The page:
The Dedication Of Xavier
The September 1963 version of the monthly Principal’s Newsletter from Bro. Robert Sullivan, C.F.X., was all about the dedication of the school that was to take place Sept. 7.
The building would be open to tours before and after the dedication, and there would be a brunch served in the Brothers’ Residence for some invited guests.
Because the dedication was to end around lunchtime, machines in the cafeteria also would be stocked for those who “wish to eat in our beautiful cafeteria.”
Such things as soft drinks, milk, coffee, soup and ice cream were available for 10 cents. A special menu of items such as a roast beef sandwich (35 cents), a veal loaf or ham salad sandwich (25 cents), potato salad and various jellos and puddings (15 cents) would be available.
There was a call for the attendance at the dedication to be impressive.
Bro. Robert wrote: “The opening of a Catholic high school in Middlesex County is a memorable occasion, one that should be witnessed by a record crowd. The eyes of Middletown and Middlesex County will be on Xavier High School. Let our attendance at the dedication be a true index of our esteem of Catholic education.”
Writing in the October version of the Principal’s Newsletter, Bro. Robert was indeed proud of the crowd: “Our sincere thanks to all you parents for your splendid attendance … the massive turnout was far beyond our expectations. Bishop [Vincent J.] Hines, Brother Gilroy, Governor [John] Dempsey – all were deeply impressed by the interest and loyalty of you parents in getting the boys here and in participating to such an extent and in such great numbers in the dedication ceremonies.”
To start things off at 10:30 a.m. on Sept. 7, the 20-man St. Sebastian band formed a semi-circle around the flagpole in front of the school and played a prelude.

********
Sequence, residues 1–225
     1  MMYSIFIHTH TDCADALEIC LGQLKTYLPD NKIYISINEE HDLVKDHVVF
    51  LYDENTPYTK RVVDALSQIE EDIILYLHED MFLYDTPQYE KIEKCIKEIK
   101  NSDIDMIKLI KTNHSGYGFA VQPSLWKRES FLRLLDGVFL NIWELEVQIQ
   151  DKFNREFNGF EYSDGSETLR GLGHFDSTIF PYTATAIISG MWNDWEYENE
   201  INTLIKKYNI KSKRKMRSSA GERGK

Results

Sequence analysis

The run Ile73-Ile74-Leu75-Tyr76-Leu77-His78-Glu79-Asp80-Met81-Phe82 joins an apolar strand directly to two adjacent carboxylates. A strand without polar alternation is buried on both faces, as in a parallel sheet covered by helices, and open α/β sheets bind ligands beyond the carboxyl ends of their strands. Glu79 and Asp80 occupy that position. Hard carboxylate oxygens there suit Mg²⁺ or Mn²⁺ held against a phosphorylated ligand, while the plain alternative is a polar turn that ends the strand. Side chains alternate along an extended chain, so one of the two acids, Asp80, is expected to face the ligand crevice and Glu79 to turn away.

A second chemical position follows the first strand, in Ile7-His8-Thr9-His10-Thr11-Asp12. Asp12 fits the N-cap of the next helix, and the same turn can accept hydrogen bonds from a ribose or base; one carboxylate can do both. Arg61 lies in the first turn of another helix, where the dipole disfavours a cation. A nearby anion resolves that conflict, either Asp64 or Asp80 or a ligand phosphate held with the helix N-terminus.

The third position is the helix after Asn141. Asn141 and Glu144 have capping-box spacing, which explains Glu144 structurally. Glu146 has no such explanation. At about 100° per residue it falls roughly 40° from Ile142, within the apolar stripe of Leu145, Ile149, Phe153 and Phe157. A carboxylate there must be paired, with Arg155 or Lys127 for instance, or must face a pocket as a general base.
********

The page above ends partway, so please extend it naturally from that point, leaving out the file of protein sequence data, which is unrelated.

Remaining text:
An American flag was presented to Brother Robert by State Sen. John Pickett on behalf of Congressman William St. Onge, who was hospitalized. It was no ordinary flag; it had flown over the Capitol in Washington. In a letter dated Aug. 16, 1963, authenticity of the flag was verified by these words:
My Dear Congressman St. Onge:
This is to certify that the accompanying flag has flown over the United States Capitol. I understand that this flag is for the new Xavier High School in Middletown, Connecticut.
J. George Stewart, Architect of the Capitol
Students raised the flag and the band played the National Anthem as the crowd, estimated to be 1,500, sang. There was a flag-raising ceremony and a blessing of the outside of the building by Bishop Hines. Various parts of the inside of the building were blessed by the Bishop or priests from the county.
Gov. Dempsey was the keynote speaker at the program in the gymnasium. Part of Gov. Dempsey’s speech that day: … “We are doing much more today than dedicating an imposing structure of stone and mortar.
“What we are actually dedicating is hard work, faith, courage and vision -- particularly the vision of the shepherd of your diocese who had the faith to believe, the vision to see, and above all, the courage to do.
“I also view this ceremony as fitting and well-deserved recognition of the courage and hard work of the many, many dedicated men and women who have worked so unselfishly at the task of raising the funds required to bring this fine school into being.
“Finally, I urge the students of Xavier High, beneficiaries of all this effort, to make the most of the splendid opportunities offered here.”